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What Do We Have To Look Forward To After The Triple Crown?

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The Triple Crown is a series of races for three-year-olds. It comprises the Kentucky Derby, the Preakness Stakes, and the Belmont Stakes. Each of these events is steeped in over a century of history, and they are the most popular and well-known Thoroughbred races to casual fans. 

However, these races only take up the span of five weeks, and horse racing is a year-round sport. While casual fans understand that a lot of the spring time is devoted to preparing young horses for these three races, some are unaware of the gems that await us after the Belmont Stakes.

Here are just a few of the major racing events that happen during the summer and fall seasons and you can consult the latest horse racing predictions by TwinSpires if you are a beginner.

Turf Triples

The United States differs from the rest of the Thoroughbred world in that our biggest races, including all of the Triple Crown races, are run on the dirt. Europe, Australia, and most of Asia focus on races over the grass. 

In an effort to increase international competition and raise the importance of grass racing in the United States, in 2019 the New York Racing Association (NYRA) unveiled two series of races for three-year-olds over the grass that emulate the dirt Triple Crown races: the Turf Trinity for open competition, and the Turf Tiara for females. 

The Turf Trinity consists of the Belmont Derby, the Saratoga Derby, and the Jockey Club Derby. The Belmont Derby is run in early July at Belmont Park over 1 ¼ miles. Four weeks later, the Saratoga Derby is run at 1 3/16 miles at Saratoga Race Course. Finally, after another four weeks, the Jockey Club Derby is run over 1 ½ miles at Belmont Park.

The Turf Tiara races are the Belmont Oaks, the Saratoga Oaks, and the Jockey Club Oaks. The races are identical in distance save for the Jockey Club Oaks, which is run at 1 ⅜ miles. 

Though the COVID-19 pandemic interrupted the series in 2020, the series resumed as intended in 2021 and has proven to be quite popular both in the United States and abroad. So far, no horse has won more that one leg of the Turf Trinity, but the filly Concrete Rose won both the Belmont Oaks and the Saratoga Oaks in 2019 before an injury forced her retirement. 

Saratoga

Saratoga Race Course, located in upstate New York, is the oldest active Thoroughbred racing track in the United States, having first opened its doors in 1863. The 2022 meet begins on July 14th and runs until September 5th. 

Many historic and prestigious races take place at Saratoga, including the aforementioned Saratoga Derby and Oaks, but the top prize at the meet is the Grade I Travers Stakes, a dirt race for three-year-olds at 1 ¼ miles. Known as the “Midsummer Derby,” the Travers often features veterans of the Triple Crown races pitted against up-and-coming sophomores. The Travers often unveils which three-year-olds have matured over the summer months and are ready to face older horses.

Saratoga also has an ominous nickname: “The Graveyard of Champions.” Some of the greatest Thoroughbreds of all time have met defeat at Saratoga; for example, Triple Crown winners Gallant Fox and American Pharoah lost to previously unheralded rivals in their Travers Stakes attempts, while fellow Triple Crown winner Secretariat lost the Grade I Whitney Stakes in his first try against older horses. Perhaps most famously, the great Man o’War suffered his only defeat in Saratoga’s Sanford Memorial Stakes, failing by half a length to catch the appropriately-named Upset.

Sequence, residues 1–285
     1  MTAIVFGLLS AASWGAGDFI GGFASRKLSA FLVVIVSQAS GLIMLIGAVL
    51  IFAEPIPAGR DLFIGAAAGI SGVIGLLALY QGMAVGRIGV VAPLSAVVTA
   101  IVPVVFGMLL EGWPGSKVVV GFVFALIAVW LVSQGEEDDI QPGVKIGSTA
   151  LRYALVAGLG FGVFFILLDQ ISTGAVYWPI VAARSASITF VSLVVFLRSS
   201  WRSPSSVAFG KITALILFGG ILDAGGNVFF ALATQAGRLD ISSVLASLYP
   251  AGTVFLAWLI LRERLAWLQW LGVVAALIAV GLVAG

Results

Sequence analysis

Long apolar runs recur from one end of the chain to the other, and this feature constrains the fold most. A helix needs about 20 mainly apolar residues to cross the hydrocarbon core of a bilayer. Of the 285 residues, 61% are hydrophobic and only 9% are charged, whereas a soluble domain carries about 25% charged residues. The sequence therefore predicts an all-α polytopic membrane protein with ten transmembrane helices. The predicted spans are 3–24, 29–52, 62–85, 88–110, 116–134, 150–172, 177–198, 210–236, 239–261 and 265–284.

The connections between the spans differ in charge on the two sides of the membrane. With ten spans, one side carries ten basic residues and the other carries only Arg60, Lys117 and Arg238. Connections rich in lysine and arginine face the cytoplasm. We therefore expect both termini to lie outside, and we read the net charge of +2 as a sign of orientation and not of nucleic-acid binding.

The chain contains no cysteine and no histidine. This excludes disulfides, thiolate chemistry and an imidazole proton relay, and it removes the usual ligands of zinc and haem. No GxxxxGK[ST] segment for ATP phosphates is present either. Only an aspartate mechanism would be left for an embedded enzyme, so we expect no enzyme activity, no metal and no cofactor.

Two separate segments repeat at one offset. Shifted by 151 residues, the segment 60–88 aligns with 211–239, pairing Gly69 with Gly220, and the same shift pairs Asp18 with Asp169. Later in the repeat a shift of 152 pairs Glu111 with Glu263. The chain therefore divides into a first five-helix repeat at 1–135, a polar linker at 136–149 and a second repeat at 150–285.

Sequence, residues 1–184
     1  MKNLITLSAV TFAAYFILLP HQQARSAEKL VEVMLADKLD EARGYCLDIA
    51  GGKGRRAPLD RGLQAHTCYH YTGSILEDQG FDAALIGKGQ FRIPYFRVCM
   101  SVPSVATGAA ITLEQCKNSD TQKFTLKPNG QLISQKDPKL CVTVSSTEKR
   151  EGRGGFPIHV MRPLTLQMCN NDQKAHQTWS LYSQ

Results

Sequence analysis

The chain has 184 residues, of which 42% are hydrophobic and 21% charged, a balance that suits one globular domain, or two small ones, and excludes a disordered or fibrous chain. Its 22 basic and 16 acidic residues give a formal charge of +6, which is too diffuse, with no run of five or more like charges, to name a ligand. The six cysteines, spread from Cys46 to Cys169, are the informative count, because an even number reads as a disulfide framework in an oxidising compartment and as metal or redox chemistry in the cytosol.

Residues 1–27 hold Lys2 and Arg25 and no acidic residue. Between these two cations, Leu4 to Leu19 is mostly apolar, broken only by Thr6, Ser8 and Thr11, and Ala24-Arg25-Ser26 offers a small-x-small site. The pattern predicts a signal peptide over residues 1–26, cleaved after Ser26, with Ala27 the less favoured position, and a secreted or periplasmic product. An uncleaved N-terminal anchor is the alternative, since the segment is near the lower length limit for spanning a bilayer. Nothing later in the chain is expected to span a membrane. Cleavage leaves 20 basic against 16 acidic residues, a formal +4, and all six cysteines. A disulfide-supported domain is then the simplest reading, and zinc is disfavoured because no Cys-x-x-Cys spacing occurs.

Breeder’s Cup World Thoroughbred Championships

The Triple Crown might be the most famous set of races in the United States, but the Breeder’s Cup World Thoroughbred Championships, held in the fall and at various racetracks depending on the year, is arguably the most prestigious. 

The series was inaugurated in 1984 and consisted of seven races on a single day, with purses totaling ten million dollars- at the time, the richest day in any sport. Since then, the series has expanded into fourteen races worth 30 million, and encompass two full days of racing. 

The first day of the Breeder’s Cup is known as Future Stars Friday and features five races specifically for two-year-olds: the Juvenile Turf and Juvenile Fillies Turf over a mile on the grass, the Juvenile and the Juvenile Fillies over 1 1/16 miles on the dirt, and the Juvenile Turf Sprint over 6 furlongs (¾ of a mile) on the grass, which is the only race on the card open to both sexes.

The second day consists of nine races for varying conditions held over dirt and turf surfaces. These races are designed to decide year-end championships, and as such most of the races correspond to a specific division. The grass races are the Mile (1 mile), the Turf Sprint (6 furlongs), the Filly and Mare Turf (usually 1 ¼ miles), and the Turf (1 ½ miles). These races are often dominated by top international competition and feature winners of the English Triple Crown races and France’s famed Arc de Triomphe.

The dirt races consist of the Dirt Mile (1 mile), the Filly and Mare Sprint (7 furlongs), the Sprint (6 furlongs), the Distaff (1 ⅛ miles), and the Classic (1 ¼ miles). The Classic is always the final race. The race is often a matchup of the world’s top three-year-olds and the best of the older horses, and is usually key in deciding who will be named America’s Horse of the Year.

The Triple Crown may be nearing its end for 2022, but the rest of the racing calendar has the potential to shine every bit as brightly.

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